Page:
An online master's degree focused on change management, innovation, and leading teams:

  • Time: Graduates can finish in 12 months.
  • Tuition and fees: $4,675 per 6-month term.

Sample careers and jobs this business degree will prepare you for:

  • President
  • Vice president
  • Director of operations
  • Executive director

Develop a comprehensive suite of leadership skills and your confidence to navigate changing business structures.

Master of Business Administration

The flexible MBA program you need, focused on business...

The flexible MBA program you need, focused on...

The flexible MBA program you need, focused on business management, strategy, and leading teams:

  • Time: Graduates can finish in 12 months.
  • Tuition and fees: $4,675 per 6-month term.

Sample careers and jobs this business degree will prepare you for:

  • President and CEO
  • Vice president
  • Executive director
  • Chief strategic officer

Our competency-based model gives you an innovative learning experience you won't find anywhere else—and our MBA grads tell us they loved accelerating their program to see a faster ROI.

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What Skills Does a Human Resource Director Need?

Human resource directors depend on developed HR skills each day, whether they’re creating new policies, hiring new employees, or balancing corporate finances.

The exact skills an HR director needs can include:

  • Employee management. The ability to effectively manage a corporate workforce, and make decisions on behalf of company employees.
  • Delegation. The ability to assign tasks appropriately to individual HR department staff members.
  • Leadership. The ability to motivate all company employees in the completion of their respective tasks, for the good of the company itself.
  • Public speaking. The ability to confidently address groups of people, especially groups of human resource employees.
  • Financial management. The ability to manage and appropriately segment company budgeting according to individual department needs.
  • Staffing. The ability to recruit and onboard new employees, as well as release employees whenever necessary.
  • Interpersonal communication. The ability to correspond effectively with other HR department employees, company staff members, executives, and potential new hires.
  • Problem-solving. The ability to address and solve problems before they escalate, especially conflicts that company employees might have with one another.
  • Technological proficiency. The ability to operate all necessary pieces of technology in a human resource department, including any computers, tablets, phones, and online platforms.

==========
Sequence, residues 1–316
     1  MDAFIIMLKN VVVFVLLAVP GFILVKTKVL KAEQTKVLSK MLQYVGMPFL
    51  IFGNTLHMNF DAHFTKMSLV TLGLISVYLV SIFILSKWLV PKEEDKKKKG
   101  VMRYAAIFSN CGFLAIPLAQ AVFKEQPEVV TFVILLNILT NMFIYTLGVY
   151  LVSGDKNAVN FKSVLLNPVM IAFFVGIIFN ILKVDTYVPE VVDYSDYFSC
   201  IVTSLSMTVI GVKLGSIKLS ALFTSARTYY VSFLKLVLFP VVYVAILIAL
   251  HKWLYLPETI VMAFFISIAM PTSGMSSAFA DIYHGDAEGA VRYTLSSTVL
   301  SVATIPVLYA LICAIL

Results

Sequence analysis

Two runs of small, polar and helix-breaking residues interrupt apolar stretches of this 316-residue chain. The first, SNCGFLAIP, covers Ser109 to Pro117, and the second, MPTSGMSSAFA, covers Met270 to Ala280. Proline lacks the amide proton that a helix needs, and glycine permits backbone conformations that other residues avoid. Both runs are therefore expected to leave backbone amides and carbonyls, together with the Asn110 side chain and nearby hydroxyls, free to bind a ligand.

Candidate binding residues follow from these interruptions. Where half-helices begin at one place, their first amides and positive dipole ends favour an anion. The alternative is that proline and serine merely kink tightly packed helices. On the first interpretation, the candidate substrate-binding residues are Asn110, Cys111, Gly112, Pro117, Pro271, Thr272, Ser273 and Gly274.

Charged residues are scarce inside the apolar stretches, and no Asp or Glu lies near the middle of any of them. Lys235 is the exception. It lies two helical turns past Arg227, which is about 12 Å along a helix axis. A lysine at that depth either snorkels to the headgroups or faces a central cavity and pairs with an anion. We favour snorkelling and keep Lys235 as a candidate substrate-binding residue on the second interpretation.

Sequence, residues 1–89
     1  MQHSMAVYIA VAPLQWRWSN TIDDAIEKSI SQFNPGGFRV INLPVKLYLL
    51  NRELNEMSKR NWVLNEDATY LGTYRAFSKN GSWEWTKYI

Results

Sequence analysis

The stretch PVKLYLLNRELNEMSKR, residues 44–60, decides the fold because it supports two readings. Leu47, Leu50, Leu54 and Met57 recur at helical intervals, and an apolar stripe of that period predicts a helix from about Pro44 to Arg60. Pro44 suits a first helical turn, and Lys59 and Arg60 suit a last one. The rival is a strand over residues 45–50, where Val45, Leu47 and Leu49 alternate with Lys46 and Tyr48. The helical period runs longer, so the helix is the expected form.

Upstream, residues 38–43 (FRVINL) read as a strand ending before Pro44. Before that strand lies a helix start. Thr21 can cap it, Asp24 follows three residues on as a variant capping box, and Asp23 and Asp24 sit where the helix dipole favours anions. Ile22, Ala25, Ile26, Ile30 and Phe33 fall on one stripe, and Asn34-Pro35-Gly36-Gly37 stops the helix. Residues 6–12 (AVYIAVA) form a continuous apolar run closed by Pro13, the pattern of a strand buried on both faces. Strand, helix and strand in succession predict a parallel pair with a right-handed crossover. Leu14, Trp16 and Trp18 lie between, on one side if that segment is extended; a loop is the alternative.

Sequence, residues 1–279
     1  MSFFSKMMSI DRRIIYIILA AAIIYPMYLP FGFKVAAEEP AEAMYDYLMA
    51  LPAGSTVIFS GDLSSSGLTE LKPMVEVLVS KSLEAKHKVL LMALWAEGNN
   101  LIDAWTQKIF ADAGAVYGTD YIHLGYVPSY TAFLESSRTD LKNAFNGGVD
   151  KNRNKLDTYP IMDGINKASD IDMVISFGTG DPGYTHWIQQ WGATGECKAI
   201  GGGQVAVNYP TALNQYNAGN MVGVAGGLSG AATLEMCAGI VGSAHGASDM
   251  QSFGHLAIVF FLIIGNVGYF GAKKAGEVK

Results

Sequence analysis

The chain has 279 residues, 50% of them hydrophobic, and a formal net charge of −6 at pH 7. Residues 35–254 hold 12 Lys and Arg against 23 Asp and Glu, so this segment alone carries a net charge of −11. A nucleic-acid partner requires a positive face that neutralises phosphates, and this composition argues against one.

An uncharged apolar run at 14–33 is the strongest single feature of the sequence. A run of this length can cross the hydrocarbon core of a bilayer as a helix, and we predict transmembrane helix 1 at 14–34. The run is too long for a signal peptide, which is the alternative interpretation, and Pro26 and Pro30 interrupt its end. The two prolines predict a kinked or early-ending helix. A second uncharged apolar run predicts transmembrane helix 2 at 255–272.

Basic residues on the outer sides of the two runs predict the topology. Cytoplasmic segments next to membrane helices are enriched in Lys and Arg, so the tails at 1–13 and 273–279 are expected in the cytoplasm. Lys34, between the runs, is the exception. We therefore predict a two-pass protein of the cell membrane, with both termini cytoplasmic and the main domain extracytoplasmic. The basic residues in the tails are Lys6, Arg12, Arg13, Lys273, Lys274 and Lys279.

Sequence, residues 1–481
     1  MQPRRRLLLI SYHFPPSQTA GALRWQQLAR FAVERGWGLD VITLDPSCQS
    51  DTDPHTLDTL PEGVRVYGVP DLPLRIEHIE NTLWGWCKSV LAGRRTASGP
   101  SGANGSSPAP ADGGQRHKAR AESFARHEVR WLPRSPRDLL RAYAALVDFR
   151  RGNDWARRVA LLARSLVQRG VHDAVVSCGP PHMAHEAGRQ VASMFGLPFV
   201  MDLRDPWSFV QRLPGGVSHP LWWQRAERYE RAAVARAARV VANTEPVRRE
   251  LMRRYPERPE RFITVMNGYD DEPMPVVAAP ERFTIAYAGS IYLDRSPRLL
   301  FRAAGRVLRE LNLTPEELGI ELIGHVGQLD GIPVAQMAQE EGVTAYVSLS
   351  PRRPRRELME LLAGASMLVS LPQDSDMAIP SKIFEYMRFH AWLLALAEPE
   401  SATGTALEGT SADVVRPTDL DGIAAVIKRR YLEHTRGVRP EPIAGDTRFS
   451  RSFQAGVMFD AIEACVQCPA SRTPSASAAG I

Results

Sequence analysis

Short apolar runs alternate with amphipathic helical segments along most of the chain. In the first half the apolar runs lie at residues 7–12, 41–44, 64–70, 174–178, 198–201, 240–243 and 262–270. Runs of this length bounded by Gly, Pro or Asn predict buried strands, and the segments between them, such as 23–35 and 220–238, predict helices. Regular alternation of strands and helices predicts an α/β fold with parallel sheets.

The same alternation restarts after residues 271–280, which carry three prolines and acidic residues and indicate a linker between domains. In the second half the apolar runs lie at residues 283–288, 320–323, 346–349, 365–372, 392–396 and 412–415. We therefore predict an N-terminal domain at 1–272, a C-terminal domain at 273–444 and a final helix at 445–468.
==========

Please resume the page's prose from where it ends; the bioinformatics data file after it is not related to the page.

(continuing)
These and other skills help human resource directors thrive in a fast-paced HR environment, as they work to ensure continued policy compliance and advocate for improved employee performance and satisfaction.

How Much Does a Human Resource Director Make?


The exact income of an HR director can vary based on many factors, including their years of experience, employer, employer’s location, education, and obtained certifications.

The salary of an HR director can average $89,515, with a range of roughly $56,000 to $138,000 earned each year.

What Is the Projected Job Growth?


The job outlook for HR directors is expected to remain positive over the next decade. Employment for HR managerial staff is expected to grow 6% from 2019 to 2029, a growth rate higher than the average across all occupations. As new companies form and grow more complex, HR departments also grow to slowly take over company financing, benefits packages, staffing, and employee management. Roughly 13,300 HR managerial positions are expected to open each year over the next decade to help companies address these needs as they expand.

Where Do Human Resource Directors Work?


Human resource directors are needed in every type of industry. Every organization has an HR department that is focused on compensation, benefits, recruiting, and employee satisfaction. As a human resource director, your specific HR tasks might even be influenced by your location and other factors. For example, HR directors at smaller organizations may adopt a hands-on role to complete daily tasks. By contrast, HR directors at larger businesses can focus on long-term strategy, delegating smaller responsibilities to HR managers and HR specialists.

HR directors might work in one or more of the following locations:

-Small, medium, or large businesses

-Talent agencies

-Educational institutions


-Government organizations

-Nonprofit organizations



Interested in Becoming a Human Resource Director?